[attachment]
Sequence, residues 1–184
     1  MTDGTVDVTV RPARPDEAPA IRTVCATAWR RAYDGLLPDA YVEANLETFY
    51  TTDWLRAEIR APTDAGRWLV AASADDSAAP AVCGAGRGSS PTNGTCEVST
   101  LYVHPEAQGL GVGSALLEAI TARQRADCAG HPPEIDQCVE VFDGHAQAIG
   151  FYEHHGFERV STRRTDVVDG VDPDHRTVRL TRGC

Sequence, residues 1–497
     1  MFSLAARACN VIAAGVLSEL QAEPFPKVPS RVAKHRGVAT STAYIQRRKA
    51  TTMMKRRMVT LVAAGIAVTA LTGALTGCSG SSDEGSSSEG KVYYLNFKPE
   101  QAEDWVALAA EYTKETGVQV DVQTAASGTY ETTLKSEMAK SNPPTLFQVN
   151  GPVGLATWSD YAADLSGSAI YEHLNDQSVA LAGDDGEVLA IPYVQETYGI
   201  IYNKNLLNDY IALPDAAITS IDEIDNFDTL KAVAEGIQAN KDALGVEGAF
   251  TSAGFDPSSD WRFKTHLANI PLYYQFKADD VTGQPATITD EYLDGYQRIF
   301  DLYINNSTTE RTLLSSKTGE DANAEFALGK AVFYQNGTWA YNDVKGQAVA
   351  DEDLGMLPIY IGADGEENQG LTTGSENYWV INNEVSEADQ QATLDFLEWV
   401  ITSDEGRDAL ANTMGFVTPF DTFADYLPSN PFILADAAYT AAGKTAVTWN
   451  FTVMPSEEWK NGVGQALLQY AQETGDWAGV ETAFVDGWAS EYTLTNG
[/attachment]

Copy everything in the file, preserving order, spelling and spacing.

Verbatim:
Sequence, residues 1–184
     1  MTDGTVDVTV RPARPDEAPA IRTVCATAWR RAYDGLLPDA YVEANLETFY
    51  TTDWLRAEIR APTDAGRWLV AASADDSAAP AVCGAGRGSS PTNGTCEVST
   101  LYVHPEAQGL GVGSALLEAI TARQRADCAG HPPEIDQCVE VFDGHAQAIG
   151  FYEHHGFERV STRRTDVVDG VDPDHRTVRL TRGC

Sequence, residues 1–497
     1  MFSLAARACN VIAAGVLSEL QAEPFPKVPS RVAKHRGVAT STAYIQRRKA
    51  TTMMKRRMVT LVAAGIAVTA LTGALTGCSG SSDEGSSSEG KVYYLNFKPE
   101  QAEDWVALAA EYTKETGVQV DVQTAASGTY ETTLKSEMAK SNPPTLFQVN
   151  GPVGLATWSD YAADLSGSAI YEHLNDQSVA LAGDDGEVLA IPYVQETYGI
   201  IYNKNLLNDY IALPDAAITS IDEIDNFDTL KAVAEGIQAN KDALGVEGAF
   251  TSAGFDPSSD WRFKTHLANI PLYYQFKADD VTGQPATITD EYLDGYQRIF
   301  DLYINNSTTE RTLLSSKTGE DANAEFALGK AVFYQNGTWA YNDVKGQAVA
   351  DEDLGMLPIY IGADGEENQG LTTGSENYWV INNEVSEADQ QATLDFLEWV
   401  ITSDEGRDAL ANTMGFVTPF DTFADYLPSN PFILADAAYT AAGKTAVTWN
   451  FTVMPSEEWK NGVGQALLQY AQETGDWAGV ETAFVDGWAS EYTLTNG